3. Apply liquid or pencil liner onto your angle brush for a sharp cat eye, or smokey defined liner, top or bottom. 
  4. Dip your angled brush into your favorite eyeshadow for a smokey and blended top or bottom liner. 
  5. An angled brush can also be used for a lip brush if you want to achieve a crisp and defined lip color application. 
  6. I also use an angled brush to add eye highlight under the brow bone and in the corner of the eye. 

 

3. A flat-top "kabuki" style brush

I decided to bring the flat top kabuki style brush into this because it is a unique brush that not many people know how to use properly. I love teaching people how to use this brush because it is extremely effective for specific makeup techniques.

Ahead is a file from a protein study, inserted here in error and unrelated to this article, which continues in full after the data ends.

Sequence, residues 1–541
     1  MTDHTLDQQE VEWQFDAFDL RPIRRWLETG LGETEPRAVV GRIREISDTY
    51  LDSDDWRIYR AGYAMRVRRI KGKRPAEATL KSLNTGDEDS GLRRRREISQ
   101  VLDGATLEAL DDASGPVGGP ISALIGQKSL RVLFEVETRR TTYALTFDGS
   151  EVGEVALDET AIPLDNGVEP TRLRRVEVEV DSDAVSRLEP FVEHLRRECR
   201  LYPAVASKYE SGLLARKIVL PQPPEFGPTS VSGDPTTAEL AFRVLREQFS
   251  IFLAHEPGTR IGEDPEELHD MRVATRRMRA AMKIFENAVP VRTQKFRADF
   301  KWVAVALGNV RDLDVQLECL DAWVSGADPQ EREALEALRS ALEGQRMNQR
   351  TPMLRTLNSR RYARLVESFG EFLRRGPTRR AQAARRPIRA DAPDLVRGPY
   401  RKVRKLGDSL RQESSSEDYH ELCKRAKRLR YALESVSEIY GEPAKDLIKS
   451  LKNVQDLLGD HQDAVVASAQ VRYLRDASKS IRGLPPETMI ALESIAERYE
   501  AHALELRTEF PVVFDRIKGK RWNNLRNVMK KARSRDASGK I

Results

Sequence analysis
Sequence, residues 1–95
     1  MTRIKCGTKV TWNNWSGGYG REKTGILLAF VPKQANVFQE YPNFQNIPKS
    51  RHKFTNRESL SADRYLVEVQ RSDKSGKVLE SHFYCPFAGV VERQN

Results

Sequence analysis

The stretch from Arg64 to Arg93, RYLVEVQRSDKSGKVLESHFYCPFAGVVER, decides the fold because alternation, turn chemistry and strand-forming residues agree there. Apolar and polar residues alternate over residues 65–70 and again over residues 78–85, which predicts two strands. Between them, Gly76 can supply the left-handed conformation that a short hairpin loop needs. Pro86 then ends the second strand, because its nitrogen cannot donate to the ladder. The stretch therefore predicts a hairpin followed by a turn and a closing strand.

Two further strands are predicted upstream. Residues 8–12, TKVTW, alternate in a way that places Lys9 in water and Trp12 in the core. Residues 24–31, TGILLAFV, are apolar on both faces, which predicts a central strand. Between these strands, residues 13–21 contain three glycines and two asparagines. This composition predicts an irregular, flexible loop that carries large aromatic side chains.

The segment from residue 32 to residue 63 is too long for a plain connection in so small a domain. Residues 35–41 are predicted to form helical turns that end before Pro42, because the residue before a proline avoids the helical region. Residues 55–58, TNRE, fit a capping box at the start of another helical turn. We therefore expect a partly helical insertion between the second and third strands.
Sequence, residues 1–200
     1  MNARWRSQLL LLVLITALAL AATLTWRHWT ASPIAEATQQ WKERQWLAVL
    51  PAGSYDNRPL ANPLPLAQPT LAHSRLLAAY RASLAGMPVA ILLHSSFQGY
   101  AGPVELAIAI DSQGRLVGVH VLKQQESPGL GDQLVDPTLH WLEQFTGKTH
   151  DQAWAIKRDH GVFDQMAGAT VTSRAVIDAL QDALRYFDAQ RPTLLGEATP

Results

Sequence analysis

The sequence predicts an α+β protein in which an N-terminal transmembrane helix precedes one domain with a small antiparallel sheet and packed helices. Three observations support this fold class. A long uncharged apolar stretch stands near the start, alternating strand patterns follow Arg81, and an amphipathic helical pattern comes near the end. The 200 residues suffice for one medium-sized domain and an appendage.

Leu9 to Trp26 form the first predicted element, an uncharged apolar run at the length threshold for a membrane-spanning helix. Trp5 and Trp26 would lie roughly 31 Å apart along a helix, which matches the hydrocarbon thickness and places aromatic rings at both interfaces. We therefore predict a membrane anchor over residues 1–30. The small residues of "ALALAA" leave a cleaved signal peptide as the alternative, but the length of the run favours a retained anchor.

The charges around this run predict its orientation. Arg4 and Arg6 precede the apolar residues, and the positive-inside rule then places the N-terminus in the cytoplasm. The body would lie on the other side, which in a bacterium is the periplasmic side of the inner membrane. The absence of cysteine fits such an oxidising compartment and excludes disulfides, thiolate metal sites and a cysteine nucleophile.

Why it's so good: The Flat top kabuki brush is amazing for both powder and liquid makeup. It makes blending a breeze and offers a very quick application for those wanting to wear face makeup. 

How to use it: As mentioned above, you can use the flat top kabuki style brush for powder and liquid or creme makeup. Here's what will happen for each formula. 

  1. Powder: When applying a pressed foundation powder with this brush you will achieve a much heavier coverage than if you were to apply a powder foundation with a soft round brush. You are able to really buff and work the powder foundation into the skin. You can also use this brush to apply loose powder to set your liquid foundation. 
  2. Liquid: If you are in a rush and want a super even and quick liquid foundation application, this is the brush for you. I simply pump the foundation straight onto the brush, dot the foundation all of my face, then use circular buffing motions to blend it all over and down my neck.